This is a re-working of one of the sections of the music I created for Jane Turner’s dance piece based on the Gog Magogs, on the Stapleford chalk meadows.. Her choreography was based on some sketches I sent her by the somewhat eccentric Cambridge-based mathematician and historian T.C. Lethbridge, who, during an archeological excavation on the chalk downs, came to believe he had discovered lost chalk carvings in the side of the gentle hill overlooking Cambridge next to the Wandlebury hill fort. Unfortunately, no one else has been able to detect them, not unlike his claims to have found secret Nazi invasion markings scratched on various churches and East Anglian signposts. He was such an eminent academic the War Department felt duty bound to investigate his claims, and thus led a number of chaps from MI5 around small coastal villages for some time inviting them to examine some scratches on a number of village fingerposts. Eyebrows of course rose ever-higher as they marched fruitlessly from one bit of flaking paint to next out-of-place stone in a church tower.

So This is a very rough mix, part of some things I’ve been working on with the excellent Lisbon-based composer/producer Andre Nascimento. Andre has radically remixed/recomposed some of my work for the choreographer Jane Turner and her Magog dance project last year.

More of this soon, I think.

a short segment of the beginning winter solstice section.

This is a new project with my partner Jane Perryman, based around the yearly solar cycle as experienced from our rural cottage in Suffolk.

We began working on this project together on the summer solstice, discussing the methods and data as it unfolded.  As Jane collected photos and material on a fortnightly basis, and based the shape of her ceramics on the changing angles of the sun, I would also be present recording environmental sounds at each session, getting up at civil twilight (for instance, 3:45 am at the summer solstice) to record the birdsong and other environmental sounds in the immediate area.  Both of our elements have adopted the same structure and material: 26 segments of time using material from the immediate locale, which, in case of the soundscape, the palindromic structure reflects the changing conditions of daylight by both lengthening/shortening the duration of each segment to match (from 45 seconds to 90 seconds and back), and varying the dynamics, density of events to match the varying position of the civil twilight sunrise and noon azimuth over the period, along with reflecting this in the spatial mix of the sound, with the various environmental elements in the places in the timeline when they were collected.  The question explored here is whether the use of the Unintentional, or use of structures and elements taken from things that stand outside of human intervention, make for a justifiable art object?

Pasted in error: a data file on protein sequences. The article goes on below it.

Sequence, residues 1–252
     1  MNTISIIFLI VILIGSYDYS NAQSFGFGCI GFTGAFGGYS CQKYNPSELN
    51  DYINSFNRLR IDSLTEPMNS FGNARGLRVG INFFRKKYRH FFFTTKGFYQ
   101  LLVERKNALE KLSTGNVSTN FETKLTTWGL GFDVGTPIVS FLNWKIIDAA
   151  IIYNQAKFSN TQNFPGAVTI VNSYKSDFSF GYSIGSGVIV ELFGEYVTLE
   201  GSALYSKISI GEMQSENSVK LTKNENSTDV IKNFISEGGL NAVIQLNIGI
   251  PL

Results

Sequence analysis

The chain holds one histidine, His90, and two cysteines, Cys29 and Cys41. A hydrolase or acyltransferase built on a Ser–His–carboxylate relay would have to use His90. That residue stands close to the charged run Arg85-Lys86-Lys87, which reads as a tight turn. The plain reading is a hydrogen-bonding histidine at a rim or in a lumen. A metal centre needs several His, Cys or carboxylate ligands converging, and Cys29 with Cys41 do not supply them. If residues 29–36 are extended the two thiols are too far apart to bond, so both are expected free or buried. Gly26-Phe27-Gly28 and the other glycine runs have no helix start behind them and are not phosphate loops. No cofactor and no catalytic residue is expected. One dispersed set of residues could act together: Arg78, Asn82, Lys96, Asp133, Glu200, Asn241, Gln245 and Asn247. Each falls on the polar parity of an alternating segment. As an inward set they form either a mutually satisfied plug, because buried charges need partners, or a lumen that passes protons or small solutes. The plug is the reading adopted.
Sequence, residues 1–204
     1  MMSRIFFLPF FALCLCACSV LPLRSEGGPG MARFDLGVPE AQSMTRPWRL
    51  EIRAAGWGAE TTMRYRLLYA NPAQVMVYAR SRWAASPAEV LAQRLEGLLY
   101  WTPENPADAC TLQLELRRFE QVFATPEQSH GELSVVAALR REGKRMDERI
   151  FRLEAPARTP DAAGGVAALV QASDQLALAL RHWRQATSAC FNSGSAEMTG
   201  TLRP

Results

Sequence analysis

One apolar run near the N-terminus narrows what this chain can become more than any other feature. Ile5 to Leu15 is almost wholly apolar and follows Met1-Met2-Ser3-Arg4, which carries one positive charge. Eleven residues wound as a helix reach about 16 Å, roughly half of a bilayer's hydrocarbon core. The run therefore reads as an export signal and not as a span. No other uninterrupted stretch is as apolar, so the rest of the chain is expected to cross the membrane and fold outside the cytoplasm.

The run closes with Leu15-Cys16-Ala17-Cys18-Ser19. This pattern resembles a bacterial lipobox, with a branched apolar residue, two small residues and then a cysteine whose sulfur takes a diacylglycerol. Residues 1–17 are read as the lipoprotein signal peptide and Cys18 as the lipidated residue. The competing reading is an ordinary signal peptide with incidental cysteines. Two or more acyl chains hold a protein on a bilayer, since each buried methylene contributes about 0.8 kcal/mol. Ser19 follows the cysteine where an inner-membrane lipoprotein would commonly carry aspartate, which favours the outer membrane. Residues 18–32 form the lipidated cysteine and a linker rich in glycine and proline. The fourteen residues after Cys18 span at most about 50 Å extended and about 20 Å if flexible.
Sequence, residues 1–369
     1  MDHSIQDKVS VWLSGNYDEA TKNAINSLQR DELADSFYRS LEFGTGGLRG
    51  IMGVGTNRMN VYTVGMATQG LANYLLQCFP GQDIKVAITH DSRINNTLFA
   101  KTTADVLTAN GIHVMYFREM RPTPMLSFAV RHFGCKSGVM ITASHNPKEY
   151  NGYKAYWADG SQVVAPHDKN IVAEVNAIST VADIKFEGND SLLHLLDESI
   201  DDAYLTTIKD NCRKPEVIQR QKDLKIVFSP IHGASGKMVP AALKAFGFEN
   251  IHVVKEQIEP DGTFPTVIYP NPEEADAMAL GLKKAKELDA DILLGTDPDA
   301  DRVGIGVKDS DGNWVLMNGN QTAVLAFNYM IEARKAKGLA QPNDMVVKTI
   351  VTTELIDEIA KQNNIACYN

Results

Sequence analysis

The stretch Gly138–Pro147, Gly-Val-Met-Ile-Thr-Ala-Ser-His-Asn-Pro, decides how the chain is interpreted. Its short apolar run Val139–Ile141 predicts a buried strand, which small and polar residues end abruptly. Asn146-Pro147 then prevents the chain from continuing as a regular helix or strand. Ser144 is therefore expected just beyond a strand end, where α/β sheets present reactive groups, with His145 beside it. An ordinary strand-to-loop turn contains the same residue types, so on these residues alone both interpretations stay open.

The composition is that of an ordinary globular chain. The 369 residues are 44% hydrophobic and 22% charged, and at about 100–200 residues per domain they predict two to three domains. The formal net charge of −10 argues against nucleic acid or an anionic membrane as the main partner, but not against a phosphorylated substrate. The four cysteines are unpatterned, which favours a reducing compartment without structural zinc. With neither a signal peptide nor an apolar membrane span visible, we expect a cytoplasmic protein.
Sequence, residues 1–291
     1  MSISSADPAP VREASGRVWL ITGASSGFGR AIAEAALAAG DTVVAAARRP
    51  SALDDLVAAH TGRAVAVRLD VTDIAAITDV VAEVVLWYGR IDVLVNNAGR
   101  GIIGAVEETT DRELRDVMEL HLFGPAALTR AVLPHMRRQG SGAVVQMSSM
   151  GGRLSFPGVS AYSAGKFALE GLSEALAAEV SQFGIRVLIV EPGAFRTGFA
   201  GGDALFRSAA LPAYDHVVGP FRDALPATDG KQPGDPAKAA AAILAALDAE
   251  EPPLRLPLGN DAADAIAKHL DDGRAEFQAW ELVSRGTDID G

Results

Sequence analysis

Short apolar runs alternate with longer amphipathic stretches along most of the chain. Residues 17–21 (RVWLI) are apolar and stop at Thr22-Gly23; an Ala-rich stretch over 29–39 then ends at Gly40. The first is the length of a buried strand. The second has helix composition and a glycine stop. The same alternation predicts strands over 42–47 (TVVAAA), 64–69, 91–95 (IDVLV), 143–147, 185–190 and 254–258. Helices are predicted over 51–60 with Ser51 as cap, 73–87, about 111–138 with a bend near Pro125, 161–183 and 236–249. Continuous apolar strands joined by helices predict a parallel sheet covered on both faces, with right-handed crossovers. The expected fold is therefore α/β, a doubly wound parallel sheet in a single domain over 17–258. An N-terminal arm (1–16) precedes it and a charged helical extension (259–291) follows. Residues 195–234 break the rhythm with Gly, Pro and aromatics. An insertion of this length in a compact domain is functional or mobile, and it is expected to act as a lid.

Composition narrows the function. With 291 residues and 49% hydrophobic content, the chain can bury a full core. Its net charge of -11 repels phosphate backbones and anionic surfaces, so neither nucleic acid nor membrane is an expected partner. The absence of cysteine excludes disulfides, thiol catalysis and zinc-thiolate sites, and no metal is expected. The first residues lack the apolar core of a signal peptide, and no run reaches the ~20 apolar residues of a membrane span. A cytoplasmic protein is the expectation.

The sun’s electromagnetic drone which runs throughout the piece is used with the kind permission of Professor Alexander Kosonichev of the Stanford Observatory. This sound was also run through a Fournier analysis to derive the harmonics present and give a pitch series to use in the composition as simple melodic material, which was confined to five notes. The authorial hand is only evident here, as these pitches were used for brief bursts of simple melodic improvisation, So this is a collage, not a mosaic, which would imply similar elements existing on the same plane, as this is a collection of disparate elements as and when they occur in our surroundings.  This is a piece of musique concrete, as it primarily uses raw material gathered from the world around us and modified.